Imagine you were buying an expensive work of art, a picture or item of furniture costing tens of thousands of dollars. You would want to check out that items provenance, its history and confirmation of how genuine it is, before buying, yes? Well, what about when you are buying a car? You may be investing in a classic vehicle or a newer model, but either way you should check the cars VIN number before you commit to the purchase. The Vehicle Identification Number (VIN) is like an automotive passport, and is the best way of finding out if you are buying what the vendor tells you.
A VIN check is a vital part of the process, and fortunately there are free VIN check options to help buyers. Let’s have a look at what it’s all about, and why you must check the VIN before buying your car.
What is The VIN Number?
First used in the 1950′s, the VIN number is the accepted industry standard code for identifying individual vehicles. It was not until the early 1980′s that VIN numbers were standardized, so if you are buying an older vehicle it is important you look up the best way to make a vehicle check. There is plenty of information online, and there are offers of a free vehicle history report that can be very useful to buyers.
The VIN number is a way of telling what has happened to the car in the past, and is used to determine the actual owner of a vehicle. Remember that if you buy a stolen vehicle it will be taken back from you, and recompense can be very hard to obtain. Many people have been caught out by seemingly honest sellers that turn out to be nothing of the sort. It is easy, after all, to be taken in by someone and to be overwhelmed by the desire to own a special vehicle.
All too often people fail to check the VIN number, and end up with a car that is not all it seems to be.
Where Can I Find The VIN Number?
It is important to understand that the VIN number will be displayed on the vehicle in several different positions. This is to enable accurate checks. There should be a VIN number underneath the bonnet, possibly on a metal plate, and one stamped directly into the body somewhere. You might also find one engraved into the windscreen. The inside of the doors is another common place for the VIN number, and there will undoubtedly be one in the engine bay.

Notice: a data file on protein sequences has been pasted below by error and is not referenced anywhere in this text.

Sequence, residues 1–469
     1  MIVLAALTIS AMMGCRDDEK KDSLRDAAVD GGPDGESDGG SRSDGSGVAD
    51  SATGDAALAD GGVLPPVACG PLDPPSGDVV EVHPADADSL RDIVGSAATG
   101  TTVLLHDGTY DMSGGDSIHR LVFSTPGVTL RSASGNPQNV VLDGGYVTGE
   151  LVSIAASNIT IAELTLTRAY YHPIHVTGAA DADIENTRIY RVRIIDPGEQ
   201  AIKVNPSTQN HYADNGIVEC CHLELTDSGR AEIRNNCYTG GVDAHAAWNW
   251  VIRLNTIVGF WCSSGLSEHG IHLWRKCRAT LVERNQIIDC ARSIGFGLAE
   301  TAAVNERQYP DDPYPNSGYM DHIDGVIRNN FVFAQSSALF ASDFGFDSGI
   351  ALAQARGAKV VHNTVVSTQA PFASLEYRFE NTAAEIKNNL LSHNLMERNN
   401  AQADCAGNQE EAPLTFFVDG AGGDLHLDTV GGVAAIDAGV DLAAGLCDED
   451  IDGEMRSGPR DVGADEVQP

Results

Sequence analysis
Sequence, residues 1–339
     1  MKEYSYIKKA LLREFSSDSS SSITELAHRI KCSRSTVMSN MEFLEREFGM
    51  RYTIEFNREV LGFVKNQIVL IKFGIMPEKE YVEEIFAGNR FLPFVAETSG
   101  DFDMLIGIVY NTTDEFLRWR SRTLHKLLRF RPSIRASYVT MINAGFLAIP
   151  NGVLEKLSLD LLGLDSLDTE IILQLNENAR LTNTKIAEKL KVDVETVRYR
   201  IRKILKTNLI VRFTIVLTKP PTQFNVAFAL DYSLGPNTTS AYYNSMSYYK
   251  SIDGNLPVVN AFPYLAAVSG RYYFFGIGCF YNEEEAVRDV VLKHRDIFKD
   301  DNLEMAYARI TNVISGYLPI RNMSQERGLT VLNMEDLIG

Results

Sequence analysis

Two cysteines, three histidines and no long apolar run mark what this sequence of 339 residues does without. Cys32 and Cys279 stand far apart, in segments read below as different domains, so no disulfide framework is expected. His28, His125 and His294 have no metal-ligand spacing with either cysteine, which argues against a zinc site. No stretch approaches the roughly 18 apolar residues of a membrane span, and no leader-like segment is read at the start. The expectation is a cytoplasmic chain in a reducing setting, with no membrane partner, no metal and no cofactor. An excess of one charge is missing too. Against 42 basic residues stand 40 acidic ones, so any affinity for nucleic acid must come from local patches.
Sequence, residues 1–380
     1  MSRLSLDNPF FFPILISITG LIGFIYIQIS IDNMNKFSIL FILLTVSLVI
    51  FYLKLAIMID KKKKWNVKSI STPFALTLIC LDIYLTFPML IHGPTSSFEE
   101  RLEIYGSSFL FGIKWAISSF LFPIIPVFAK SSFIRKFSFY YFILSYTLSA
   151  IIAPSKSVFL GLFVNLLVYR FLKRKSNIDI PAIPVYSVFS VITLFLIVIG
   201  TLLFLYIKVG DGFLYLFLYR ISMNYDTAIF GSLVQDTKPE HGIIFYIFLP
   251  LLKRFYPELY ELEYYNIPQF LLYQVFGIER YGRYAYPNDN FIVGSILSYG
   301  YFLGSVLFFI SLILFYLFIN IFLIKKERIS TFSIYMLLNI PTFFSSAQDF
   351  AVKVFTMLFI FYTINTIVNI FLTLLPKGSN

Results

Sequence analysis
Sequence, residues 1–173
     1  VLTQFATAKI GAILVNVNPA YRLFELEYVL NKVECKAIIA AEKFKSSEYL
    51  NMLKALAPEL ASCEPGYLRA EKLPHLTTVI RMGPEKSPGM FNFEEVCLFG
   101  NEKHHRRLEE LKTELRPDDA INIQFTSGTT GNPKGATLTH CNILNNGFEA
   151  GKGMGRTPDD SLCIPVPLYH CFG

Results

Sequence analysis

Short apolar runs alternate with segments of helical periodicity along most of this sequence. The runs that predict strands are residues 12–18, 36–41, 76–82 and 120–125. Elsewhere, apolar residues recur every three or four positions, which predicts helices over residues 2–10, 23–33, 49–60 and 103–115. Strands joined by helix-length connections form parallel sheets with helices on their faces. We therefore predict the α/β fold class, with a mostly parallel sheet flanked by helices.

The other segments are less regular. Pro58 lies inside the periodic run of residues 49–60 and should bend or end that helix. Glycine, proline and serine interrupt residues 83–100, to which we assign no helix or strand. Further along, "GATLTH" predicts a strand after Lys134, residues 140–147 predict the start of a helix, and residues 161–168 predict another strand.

The essential check is that all of these numbers are the same. If there are differences, or if you spot signs of tampering such as repainting or applied stickers, you should be careful. Check that the VIN numbers on the car correspond with those you are given when you run a VIN number check or car registration check, and also with the number on the log book documents and past MOT’s. If there are any discrepancies the sensible option is to walk away. It may be your dream car, but without the correct VIN number matches it could turn out to be worth far less than you expect.
How to Carry Out a VIN Check
If you are spending good money buying a car there is no excuse for not carrying out a free car history report check. You can find many companies who will do this for you on the internet, and it provides the peace of mind you want. Put simply, when you hear collectors talking of ‘matching numbers’ cars they are saying that the VIN number has been verified across the board, that the car has proven to be genuine. Engage a company that knows how to carry out a VIN number lookup and even if they charge you a small fee, as some do, you will be assured that the history of your dream car is not in doubt.
If you want to get vehicle history reports on used cars for sale and avoid costly hidden problems, you have the choice between Carfax and AutoCheck. In our Carfax v AutoCheck review we came to the conclusion that brand loyalty will keep many people in the frame where Carfax is concerned, but as the package is so much more rounded the AutoCheck deal is going to attract a great number of new customers. Click here to check your VIN Number for free with AutoCheck.The disappointment of discovering that the vehicle you have spent thousands on is actually a ‘cut and shut’ case that has been seriously damaged in an accident is something that cannot be described, but it is the financial losses that are most distressing. A car that has been badly restored – or botched – is one that is not worth the money you paid for it, however much of a bargain it may have seemed. A last word of advice: if, while carrying out your own VIN number check, you uncover evidence of tampering, you should call the police in order that nobody else suffers the fate that may have been waiting for you.